‘This Old House’ gives two YouthBuild Boston apprentices a spot in the limelight and a path forward
'You can drive past a lot filled with nothing, but it can potentially become something, and I relate that to myself ... coming from nothing to something.’
A little more than six months ago, Bobbi Jones, 26, was sitting at a desk working as a security guard and grappling with her future. “Is this something you really want to do for the rest of your life?’’ she asked herself.
Around the same time, 19-year-old high school student Yeren Rivera Cruz, who moved to the area from Puerto Rico at 10, also found himself struggling to find his passion.
Fortunately for them, there was a strong support system there to lend a guiding hand. For Jones, it was a cousin in the carpentry union. For Cruz, a teacher with a heart and desire to help.
Within a matter of months, both would sign up with the Boston affiliate of YouthBuild USA, a global nonprofit aiding underprivileged youth in 46 states and 18 countries. Students in the program learn job skills in the construction industry or for careers in health care, retail, and information technology.
Jones and Cruz both showed an interest in carpentry, and through the leadership of Brian McPherson at YouthBuild Boston, quickly excelled in their craft and built a strong foundation of skills and work ethic.
“When I arrived at the office at seven o’clock in the morning, Bobbi was almost always there before [me],’’ said McPherson, who is the executive director at YouthBuild Boston. McPherson said what stood out the most about them was how they showed up ready to work every day with the right attitude and the right equipment. It also didn’t hurt that they “were just so personable,’’ McPherson said.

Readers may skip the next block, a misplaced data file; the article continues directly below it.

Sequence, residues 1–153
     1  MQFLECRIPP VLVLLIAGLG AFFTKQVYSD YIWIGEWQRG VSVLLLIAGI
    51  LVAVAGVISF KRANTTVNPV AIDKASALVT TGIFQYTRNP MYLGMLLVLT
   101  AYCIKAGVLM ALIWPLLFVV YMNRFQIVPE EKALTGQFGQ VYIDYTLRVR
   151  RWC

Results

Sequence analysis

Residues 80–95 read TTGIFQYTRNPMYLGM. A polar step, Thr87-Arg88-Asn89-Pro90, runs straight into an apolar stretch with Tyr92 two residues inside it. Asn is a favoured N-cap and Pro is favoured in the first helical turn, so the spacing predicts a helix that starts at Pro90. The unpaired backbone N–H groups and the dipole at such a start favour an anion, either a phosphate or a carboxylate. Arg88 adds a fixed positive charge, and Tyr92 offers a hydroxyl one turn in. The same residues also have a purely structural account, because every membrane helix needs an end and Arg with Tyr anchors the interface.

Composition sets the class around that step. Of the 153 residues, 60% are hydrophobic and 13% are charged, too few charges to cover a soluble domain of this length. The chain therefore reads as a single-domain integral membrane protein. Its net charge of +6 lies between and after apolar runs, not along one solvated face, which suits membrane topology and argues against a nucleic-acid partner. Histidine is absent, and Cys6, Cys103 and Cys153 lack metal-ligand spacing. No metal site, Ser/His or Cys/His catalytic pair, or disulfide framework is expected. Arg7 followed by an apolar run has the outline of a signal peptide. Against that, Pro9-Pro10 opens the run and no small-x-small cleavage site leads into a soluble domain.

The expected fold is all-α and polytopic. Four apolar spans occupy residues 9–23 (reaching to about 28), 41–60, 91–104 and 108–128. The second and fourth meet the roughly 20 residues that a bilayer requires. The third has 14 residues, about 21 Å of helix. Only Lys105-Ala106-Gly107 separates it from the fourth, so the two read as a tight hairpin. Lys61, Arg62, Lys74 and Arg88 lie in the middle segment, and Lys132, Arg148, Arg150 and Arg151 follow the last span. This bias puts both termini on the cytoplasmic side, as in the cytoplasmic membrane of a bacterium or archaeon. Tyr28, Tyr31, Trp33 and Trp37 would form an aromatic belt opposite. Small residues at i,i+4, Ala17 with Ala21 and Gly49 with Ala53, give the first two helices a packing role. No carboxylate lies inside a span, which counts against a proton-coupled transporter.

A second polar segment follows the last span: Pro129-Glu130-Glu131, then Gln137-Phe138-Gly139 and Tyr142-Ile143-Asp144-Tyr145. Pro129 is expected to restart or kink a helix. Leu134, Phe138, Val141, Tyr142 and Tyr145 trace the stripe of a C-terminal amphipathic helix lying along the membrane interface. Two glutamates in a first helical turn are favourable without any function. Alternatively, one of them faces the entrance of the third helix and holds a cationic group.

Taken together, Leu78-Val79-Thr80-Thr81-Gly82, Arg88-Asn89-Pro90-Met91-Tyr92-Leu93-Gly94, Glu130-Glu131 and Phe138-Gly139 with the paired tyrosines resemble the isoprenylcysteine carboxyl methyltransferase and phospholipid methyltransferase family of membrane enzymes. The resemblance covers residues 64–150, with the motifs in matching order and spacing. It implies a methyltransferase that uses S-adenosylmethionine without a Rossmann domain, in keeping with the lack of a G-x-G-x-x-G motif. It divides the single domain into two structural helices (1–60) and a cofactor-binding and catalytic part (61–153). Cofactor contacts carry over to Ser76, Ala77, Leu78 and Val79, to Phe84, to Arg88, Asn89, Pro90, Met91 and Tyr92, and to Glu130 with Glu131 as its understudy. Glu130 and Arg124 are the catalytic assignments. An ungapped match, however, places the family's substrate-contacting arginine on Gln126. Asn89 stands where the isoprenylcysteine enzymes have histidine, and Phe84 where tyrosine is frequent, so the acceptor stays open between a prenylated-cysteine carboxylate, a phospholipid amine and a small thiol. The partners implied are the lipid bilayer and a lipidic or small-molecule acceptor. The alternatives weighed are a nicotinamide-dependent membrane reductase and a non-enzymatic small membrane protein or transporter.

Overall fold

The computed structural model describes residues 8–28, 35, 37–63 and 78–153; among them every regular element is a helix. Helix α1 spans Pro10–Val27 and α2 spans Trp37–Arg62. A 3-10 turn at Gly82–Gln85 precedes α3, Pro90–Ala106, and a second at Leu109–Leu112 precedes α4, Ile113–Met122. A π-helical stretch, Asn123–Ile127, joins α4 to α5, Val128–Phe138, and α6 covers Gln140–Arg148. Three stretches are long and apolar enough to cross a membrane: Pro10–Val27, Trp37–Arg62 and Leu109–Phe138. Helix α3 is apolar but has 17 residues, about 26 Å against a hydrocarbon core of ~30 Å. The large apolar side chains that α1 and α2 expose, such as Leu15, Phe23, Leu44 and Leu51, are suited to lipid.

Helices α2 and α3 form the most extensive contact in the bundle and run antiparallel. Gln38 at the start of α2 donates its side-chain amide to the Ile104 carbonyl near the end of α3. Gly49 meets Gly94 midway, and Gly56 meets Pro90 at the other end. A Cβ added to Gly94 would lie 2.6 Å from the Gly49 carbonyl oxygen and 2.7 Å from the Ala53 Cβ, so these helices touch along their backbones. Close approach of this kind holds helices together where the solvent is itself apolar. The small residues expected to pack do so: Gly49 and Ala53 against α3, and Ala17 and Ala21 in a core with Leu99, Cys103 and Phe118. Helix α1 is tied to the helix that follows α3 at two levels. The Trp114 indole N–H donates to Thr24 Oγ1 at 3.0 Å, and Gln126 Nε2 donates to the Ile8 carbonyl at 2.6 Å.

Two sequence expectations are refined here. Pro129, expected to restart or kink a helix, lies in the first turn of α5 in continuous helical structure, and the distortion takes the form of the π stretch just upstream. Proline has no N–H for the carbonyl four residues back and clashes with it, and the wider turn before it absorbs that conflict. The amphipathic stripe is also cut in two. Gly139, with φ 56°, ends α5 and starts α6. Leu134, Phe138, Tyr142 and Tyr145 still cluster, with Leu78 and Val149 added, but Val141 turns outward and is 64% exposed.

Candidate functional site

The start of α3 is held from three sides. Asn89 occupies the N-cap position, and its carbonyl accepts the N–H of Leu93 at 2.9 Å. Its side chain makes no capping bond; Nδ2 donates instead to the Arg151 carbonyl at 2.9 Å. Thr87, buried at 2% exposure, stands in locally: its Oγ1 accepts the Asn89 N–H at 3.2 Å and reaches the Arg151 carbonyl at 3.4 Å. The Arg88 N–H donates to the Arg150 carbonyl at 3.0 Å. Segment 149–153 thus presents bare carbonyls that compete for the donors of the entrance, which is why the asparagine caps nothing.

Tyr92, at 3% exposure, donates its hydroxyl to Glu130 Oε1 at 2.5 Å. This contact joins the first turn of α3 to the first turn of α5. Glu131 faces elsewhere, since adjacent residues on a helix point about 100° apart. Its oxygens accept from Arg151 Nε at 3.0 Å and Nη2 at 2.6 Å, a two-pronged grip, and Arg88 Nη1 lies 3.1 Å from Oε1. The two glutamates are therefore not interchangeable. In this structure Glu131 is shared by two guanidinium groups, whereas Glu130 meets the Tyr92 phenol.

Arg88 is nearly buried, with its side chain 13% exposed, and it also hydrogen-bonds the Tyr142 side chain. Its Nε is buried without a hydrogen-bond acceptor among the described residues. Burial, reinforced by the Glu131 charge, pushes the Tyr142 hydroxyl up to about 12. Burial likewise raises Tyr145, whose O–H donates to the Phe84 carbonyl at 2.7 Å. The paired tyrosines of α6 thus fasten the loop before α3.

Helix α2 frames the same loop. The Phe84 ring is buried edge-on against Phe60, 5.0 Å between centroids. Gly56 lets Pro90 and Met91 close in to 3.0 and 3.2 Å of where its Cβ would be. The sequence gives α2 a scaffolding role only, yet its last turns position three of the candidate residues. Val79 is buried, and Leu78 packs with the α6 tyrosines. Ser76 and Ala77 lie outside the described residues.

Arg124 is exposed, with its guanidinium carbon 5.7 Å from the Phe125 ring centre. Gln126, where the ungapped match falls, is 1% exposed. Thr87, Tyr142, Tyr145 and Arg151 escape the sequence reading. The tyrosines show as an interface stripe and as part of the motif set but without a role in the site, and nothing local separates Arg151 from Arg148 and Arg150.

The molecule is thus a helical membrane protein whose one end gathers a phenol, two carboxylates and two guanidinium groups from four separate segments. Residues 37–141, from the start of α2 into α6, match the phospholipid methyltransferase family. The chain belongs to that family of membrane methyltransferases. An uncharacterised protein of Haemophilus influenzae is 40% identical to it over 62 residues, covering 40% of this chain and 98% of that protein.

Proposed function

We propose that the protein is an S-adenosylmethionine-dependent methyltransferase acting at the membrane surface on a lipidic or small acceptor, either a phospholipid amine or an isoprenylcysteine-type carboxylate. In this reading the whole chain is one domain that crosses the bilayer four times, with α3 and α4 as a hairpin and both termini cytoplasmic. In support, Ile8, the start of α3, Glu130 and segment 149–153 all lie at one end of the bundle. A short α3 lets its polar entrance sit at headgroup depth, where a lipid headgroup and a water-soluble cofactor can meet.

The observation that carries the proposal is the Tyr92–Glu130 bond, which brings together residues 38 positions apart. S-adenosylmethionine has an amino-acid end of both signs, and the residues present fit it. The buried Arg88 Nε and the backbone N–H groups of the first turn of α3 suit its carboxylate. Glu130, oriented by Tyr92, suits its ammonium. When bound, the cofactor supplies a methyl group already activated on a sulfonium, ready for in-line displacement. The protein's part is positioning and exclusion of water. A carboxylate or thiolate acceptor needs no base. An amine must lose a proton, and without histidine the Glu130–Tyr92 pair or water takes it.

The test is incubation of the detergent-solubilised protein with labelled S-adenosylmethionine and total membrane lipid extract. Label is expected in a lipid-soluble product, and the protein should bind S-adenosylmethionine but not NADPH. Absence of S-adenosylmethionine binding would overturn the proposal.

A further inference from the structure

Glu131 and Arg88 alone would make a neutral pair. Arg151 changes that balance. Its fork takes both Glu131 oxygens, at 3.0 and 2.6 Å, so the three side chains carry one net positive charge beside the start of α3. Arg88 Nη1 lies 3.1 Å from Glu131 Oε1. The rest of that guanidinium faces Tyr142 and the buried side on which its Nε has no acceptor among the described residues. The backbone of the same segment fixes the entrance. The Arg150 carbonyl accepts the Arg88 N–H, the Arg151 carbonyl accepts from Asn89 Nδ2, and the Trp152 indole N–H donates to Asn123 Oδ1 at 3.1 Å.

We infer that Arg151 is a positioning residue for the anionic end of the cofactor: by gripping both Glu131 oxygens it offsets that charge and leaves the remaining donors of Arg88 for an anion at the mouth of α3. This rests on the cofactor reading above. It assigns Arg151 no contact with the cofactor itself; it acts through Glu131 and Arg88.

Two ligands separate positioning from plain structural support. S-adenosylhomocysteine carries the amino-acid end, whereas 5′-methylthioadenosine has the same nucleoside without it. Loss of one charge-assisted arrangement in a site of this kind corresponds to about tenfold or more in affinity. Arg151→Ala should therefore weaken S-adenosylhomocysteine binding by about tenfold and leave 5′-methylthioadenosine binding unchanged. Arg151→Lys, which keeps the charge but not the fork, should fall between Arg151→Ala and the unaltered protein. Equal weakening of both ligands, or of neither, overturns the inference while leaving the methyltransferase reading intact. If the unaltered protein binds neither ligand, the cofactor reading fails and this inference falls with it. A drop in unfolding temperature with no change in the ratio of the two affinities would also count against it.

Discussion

This only made the choice easier when PBS’s “This Old House,’’ now in its 42d season, came to YouthBuild USA seeking apprentices for a Dorchester restoration project. On July 4, 2019, a fire tore through the rear of the three-decker Carol Wideman had owned for 40 years, forcing her family out of the house.
Jones and Cruz underwent a rigorous interview process before they were selected for the six-week undertaking.
For Jones, it was the greatest opportunity she’s ever had. “There were times at the job site where I would just say, ‘Thank God it’s me who got chosen’.’’ Jones, who grew up in Roxbury with a single mother and three siblings, sees construction and carpentry as a way to build her own life. “You can drive past a lot filled with nothing, but it can potentially become something, and I relate that to myself … coming from nothing to something.’’
While on site for “This Old House,’’ the pair learned from industry expert Charlie Silva, who showed them every aspect of the trade, from roofing to carpentry.
The familial environment on the job site was one of the big takeaways from their experience, they said. “They definitely made it feel like a home … it was like being around aunts and uncles, so that was great to have that welcoming feeling,’’ Jones said.
For Silva, one of the best parts of being on the job is sharing his decades of experience with the apprentices. “I love talking to the younger generation about the trades and getting into the trades and all the little life lessons that go along with it. We talked about everything on the truck rides and different job sites we would go to,’’ Silva said.
The advice went far beyond trade skills. Cruz and Jones recounted the various life lessons they learned. Cruz said Silva’s teachings on work ethic have affected how he goes about his day-to-day life. Cruz hopes to start his own company and invent products that make carpentry work easier. None of that would have been possible without the opportunities he was given through YouthBuild and “This Old House,’’ he said.
“That program got me to where I am today, so for me that program was really everything. That program was really the stepping stone for me and my life,’’ Cruz said.
The first episode of “This Old House’’ featuring Cruz and Jones will air on Thursday, April 29, at 8 p.m. on GBH 2.
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